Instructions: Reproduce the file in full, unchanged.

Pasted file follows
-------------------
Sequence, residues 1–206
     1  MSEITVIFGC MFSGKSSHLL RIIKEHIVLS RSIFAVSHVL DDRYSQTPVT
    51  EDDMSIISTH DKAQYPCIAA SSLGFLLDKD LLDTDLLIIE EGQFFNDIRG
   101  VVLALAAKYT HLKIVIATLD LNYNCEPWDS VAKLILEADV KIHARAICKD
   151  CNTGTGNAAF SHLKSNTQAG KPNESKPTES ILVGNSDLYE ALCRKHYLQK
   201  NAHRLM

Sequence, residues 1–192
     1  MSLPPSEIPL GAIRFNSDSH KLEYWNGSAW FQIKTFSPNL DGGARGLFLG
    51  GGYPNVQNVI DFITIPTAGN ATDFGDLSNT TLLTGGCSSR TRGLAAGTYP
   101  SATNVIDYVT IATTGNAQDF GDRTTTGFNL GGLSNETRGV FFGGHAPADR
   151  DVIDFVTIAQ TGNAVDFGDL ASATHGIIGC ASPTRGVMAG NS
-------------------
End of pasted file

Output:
Sequence, residues 1–206
     1  MSEITVIFGC MFSGKSSHLL RIIKEHIVLS RSIFAVSHVL DDRYSQTPVT
    51  EDDMSIISTH DKAQYPCIAA SSLGFLLDKD LLDTDLLIIE EGQFFNDIRG
   101  VVLALAAKYT HLKIVIATLD LNYNCEPWDS VAKLILEADV KIHARAICKD
   151  CNTGTGNAAF SHLKSNTQAG KPNESKPTES ILVGNSDLYE ALCRKHYLQK
   201  NAHRLM

Sequence, residues 1–192
     1  MSLPPSEIPL GAIRFNSDSH KLEYWNGSAW FQIKTFSPNL DGGARGLFLG
    51  GGYPNVQNVI DFITIPTAGN ATDFGDLSNT TLLTGGCSSR TRGLAAGTYP
   101  SATNVIDYVT IATTGNAQDF GDRTTTGFNL GGLSNETRGV FFGGHAPADR
   151  DVIDFVTIAQ TGNAVDFGDL ASATHGIIGC ASPTRGVMAG NS